The Story Book of Science by Jean Henri Fabre
N the evening Uncle Paul resumed the story of the ants. At
that hour Jacques was in the habit of going the round of the
stables to see if the oxen were eating their fodder and if
the well-fed lambs were sleeping peacefully beside their
mothers. Under the pretense of giving the finishing touches
to his wicker basket, Jacques stayed where he was. The real
reason was that the ants' cows were on his mind. Uncle Paul
related in detail what they had seen in the morning on the
elder: how the plant-lice let the sugary drops ooze from
their tubes, how the ants drank this delicious liquid and
knew how, if necessary, to obtain it by caresses.
"What you are telling us, Master," said Jacques, "puts
warmth into my old veins. I see once more how God takes care
of His creatures, He who gives the plant-louse to the ant as
He gives the cow to man."
"Yes, my good Jacques," returned Uncle Paul, "these things
are done to increase our faith in Providence, whose
all-seeing eye nothing can escape. To a thoughtful person,
the beetle that drinks from the depths of a flower, the tuft
of moss that receives the raindrop on the burning tile, bear
witness to the divine goodness.
"To return to my story. If our cows wandered at will in the
country, if we were obliged to take troublesome journeys to
go and milk them in distant pastures, uncertain whether we
should find them or not, it would be hard work for us, and
very often impossible. How do we manage then? We keep them
close at hand, in inclosures and in stables. This also is
sometimes done by the ants with the plant-lice. To avoid
tiresome journeys, sometimes useless, they put their herds
in a park. Not all have this admirable foresight, however.
Besides, if they had, it would be impossible to construct a
park large enough for such innumerable cattle and their
pasturage. How, for example, could they inclose in walls the
willow that we saw this morning with its population of black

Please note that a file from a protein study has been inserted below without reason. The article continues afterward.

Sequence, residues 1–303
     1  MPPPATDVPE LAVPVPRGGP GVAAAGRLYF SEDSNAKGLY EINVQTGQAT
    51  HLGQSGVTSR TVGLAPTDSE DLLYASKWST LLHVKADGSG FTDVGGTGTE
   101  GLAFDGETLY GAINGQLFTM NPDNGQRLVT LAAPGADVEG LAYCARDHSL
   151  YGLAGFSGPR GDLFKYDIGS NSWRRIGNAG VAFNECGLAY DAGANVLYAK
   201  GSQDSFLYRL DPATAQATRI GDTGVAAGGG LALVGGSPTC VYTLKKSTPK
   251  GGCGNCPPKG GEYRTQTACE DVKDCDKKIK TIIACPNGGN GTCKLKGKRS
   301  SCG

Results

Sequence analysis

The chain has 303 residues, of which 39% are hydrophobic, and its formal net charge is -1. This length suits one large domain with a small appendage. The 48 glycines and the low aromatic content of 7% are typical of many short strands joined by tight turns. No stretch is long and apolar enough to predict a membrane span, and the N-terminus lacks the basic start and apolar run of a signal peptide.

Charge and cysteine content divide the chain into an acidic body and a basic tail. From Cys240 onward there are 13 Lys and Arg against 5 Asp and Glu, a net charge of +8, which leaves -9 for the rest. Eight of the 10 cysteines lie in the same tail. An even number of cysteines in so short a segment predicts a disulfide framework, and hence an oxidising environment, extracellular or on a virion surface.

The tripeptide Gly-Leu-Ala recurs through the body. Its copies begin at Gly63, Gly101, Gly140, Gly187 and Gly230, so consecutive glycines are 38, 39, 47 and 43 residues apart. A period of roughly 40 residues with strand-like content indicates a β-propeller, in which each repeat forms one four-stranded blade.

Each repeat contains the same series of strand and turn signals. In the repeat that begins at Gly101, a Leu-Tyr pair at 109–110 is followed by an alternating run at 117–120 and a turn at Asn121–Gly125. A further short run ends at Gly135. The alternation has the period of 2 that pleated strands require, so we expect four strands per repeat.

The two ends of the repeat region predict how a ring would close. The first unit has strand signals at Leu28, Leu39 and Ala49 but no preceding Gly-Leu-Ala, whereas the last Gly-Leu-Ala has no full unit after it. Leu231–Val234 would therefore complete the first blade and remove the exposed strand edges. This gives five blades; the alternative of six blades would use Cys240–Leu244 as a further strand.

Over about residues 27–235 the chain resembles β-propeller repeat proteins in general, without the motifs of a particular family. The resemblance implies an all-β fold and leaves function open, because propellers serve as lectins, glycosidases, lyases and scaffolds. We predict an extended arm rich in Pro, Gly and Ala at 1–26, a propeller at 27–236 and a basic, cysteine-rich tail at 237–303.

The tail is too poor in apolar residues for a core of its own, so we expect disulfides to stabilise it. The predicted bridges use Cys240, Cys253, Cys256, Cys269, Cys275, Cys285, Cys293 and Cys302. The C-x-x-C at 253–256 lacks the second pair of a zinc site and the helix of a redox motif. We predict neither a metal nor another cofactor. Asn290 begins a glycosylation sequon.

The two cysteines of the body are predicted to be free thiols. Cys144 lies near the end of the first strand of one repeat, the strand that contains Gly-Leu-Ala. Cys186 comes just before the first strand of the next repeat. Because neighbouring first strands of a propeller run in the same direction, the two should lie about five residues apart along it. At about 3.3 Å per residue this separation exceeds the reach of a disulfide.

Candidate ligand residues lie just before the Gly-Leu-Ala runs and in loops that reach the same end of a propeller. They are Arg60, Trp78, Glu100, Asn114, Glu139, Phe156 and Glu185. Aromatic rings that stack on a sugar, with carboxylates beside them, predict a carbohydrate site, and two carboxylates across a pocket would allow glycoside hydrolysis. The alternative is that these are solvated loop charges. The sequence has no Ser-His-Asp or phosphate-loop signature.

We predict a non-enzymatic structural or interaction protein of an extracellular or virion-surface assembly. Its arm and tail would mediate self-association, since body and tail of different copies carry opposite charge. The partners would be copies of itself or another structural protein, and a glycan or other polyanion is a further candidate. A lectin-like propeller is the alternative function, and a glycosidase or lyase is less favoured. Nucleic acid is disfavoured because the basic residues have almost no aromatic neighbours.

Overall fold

lice? It is necessary to have conditions that are not beyond
the forces available. Given a tuft of grass whose base is
covered with a few plant-lice, the park is practicable.
"Ants that have found a little herd plan how to build a
sheepfold, a summer châlet, where the plant-lice can be
inclosed, sheltered from the too bright rays of the sun.
They too will stay at the châlet for some time, so as to
have the cows within reach and to milk them at leisure. To
this end, they begin by removing a little of the earth at
the base of the tuft so as to uncover the upper part of the
root. This exposed part forms a sort of natural frame on
which the building can rest. Now grains of damp earth are
piled up one by one and shaped into a large vault, which
rests on the frame of the roots and surrounds the stem above
the point occupied by the plant-lice.
Openings are made for
the service of the sheepfold.
The châlet is finished. Its
inmates enjoy cool and quiet, with an assured supply of
provisions. What more is needed for happiness? The cows are
there, very peaceful, at their rack, that is to say, fixed
by their stickers to the bark. Without leaving home the ants
can drink to satiety that sweet milk from the tubes.
"Let us say, then, that the sheepfold made of clay is a
building of not much importance, raised with little expense
and hastily. One could overturn it by blowing hard. Why
lavish such pains on so temporary a shelter? Does the
shepherd in the high mountains take more care of his hut of
pine branches, which must serve him for one or two months?
"It is said that ants are not satisfied with inclosing small
herds of plant-lice found at the base of a tuft of grass,